THE number of marathon races being staged countrywide is alarmingly high and that might convince everyone that athletics level is high.
The biggest of the marathon at the moment is Kilimanjaro Marathon which leads in attracting elite runners from outside the country, including the world athletics giants; Kenya, Uganda and Ethiopia.
Other notable marathons include Rock City, Bagamoyo, Manyara, Tunduru, Mbulu, Dar es Salaam, Dodoma, while recently Arusha is going Sokoine Memorial marathon to be held in April this year.
Still, despite the presence of all of these marathons, most of them are actually 21km half marathons, athletics in terms field and track events, has completely faded from the limelight or clinically dead. The Tokyo 2020 is a clear indication of the dead or dying athletics.
With only two athletes in bandwagon, Tanzania is among 207 countries that have confirmed to compete in the 2020 Summer Olympics, scheduled to take place from July 24 to August 9 in Tokyo, Japan.
Today, just four months before the games start, only two athletes, precisely marathoners, have qualified for the world class events and there are all signs that Alphonce Simbu and Failuna Abdi, who have already met the qualifying marks will be the only envoys in Japan.
Tanzania will field the two runners out of 11,091 athletes in one game out 339 events in 33 sports (50 disciplines). It started fading some years ago with medal-less run in Olympics, Commonwealth Games and All African Games.
The difference between Tanzania and most other countries especially in East and Central Africa, about whose environments we are likely to be more familiar, is that economic growth leads to more facilities for youth to engage in training and exposure locally and outside.
Forty years after Tanzania won its first Olympic medals in Moscow, Russia through Filbert Bayi and Suleiman Nyambui, Tanzania has not tried much to revive many sports that made headlines during the Ujamaa era, and about dozens of them are reportedly dead.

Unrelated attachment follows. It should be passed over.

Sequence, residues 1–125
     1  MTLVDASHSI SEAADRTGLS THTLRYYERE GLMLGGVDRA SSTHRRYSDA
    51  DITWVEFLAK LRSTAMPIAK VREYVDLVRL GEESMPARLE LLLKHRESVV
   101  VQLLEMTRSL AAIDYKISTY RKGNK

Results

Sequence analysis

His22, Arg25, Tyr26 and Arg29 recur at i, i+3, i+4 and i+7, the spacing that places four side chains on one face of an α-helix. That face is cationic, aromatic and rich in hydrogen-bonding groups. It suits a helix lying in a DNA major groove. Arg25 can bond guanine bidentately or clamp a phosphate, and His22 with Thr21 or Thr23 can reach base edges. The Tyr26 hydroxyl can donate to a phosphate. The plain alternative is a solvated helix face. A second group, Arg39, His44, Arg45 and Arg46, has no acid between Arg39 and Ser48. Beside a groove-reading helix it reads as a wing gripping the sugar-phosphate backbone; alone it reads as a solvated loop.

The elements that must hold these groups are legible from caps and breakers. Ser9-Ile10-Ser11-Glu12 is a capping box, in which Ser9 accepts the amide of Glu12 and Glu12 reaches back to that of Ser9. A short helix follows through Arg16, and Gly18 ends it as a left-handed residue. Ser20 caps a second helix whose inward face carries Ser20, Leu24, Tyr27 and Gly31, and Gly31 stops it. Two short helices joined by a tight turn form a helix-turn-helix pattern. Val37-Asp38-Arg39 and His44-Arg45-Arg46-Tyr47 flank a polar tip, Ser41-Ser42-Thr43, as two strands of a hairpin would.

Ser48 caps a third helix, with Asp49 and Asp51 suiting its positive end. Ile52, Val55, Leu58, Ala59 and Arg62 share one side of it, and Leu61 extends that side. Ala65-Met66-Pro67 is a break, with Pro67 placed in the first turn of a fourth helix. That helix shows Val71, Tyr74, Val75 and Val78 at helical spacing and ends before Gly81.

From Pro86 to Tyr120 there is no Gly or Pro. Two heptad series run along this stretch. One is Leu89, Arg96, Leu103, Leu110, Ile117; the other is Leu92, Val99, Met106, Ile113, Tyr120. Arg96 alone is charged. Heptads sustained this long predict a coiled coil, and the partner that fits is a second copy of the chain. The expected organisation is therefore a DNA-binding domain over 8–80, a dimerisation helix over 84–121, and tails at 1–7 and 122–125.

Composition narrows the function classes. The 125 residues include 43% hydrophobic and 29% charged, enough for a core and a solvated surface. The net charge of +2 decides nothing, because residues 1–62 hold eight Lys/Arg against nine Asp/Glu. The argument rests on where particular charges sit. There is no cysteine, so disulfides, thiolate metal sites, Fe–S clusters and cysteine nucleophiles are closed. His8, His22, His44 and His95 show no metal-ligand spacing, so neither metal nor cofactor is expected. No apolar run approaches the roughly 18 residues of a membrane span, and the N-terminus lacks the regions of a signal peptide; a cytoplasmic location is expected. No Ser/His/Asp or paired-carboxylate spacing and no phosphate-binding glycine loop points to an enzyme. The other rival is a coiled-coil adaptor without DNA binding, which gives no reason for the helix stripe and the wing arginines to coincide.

Among them is wrestling, which during its heydays was one of the only three sports whose audience could pay a gate fee. Today it is football that charges entrance fee whereas the third one; boxing, has almost faded from limelight.
Despite its prominence and success, Tanzania has not fielded football teams in Olympics, hence count it out of Tokyo 2020. The 40-year Olympic medal drought likely to continue since the Tokyo 2020 campaign has not every Tanzanian affair, rather a media initiative.
Olympic mania is no longer there and so is the Club Games one. The last Commonwealth medal was won by Samson Marathon in Australia in 2006, since then nothing has been won, a situation that also kicked out the Olympic spirit and its associated sports.
As of today, there is considerable interest amongst Tanzanians in sports, with the country’s football, boxing and basketball teams all widely celebrated and keenly followed. Football predictably tops the most popular sports in Tanzania for both young and old.
It is an accessible game, cheap to play, and an integral part of every childhood. Boxing has lost popularity in Tanzania after a steadily rise about forty years ago. It is not a wonder to see boxing missing in Tokyo this time as nothing has been heard from Boxing Federation of Tanzania for quite a long time.
However, Tanzania suffers from a lack of structured training programmes, combined with a lack of organized financial support. Athletes are constantly struggling to gain worldwide recognition and also to encourage new blood to the sports.
Thankfully, there are now various organisations committed to overcoming these challenges and reaching the big leagues globally. Sports is becoming an important driver in the country and Tanzanians have also started to become professionals in newer international streams such as weightlifting, handball, and cricket.
Still more efforts and commitment are needed to bring football at the next level. Also declared dead are handball, badminton while netball, once the second to football is struggling to regain life at the deathbed.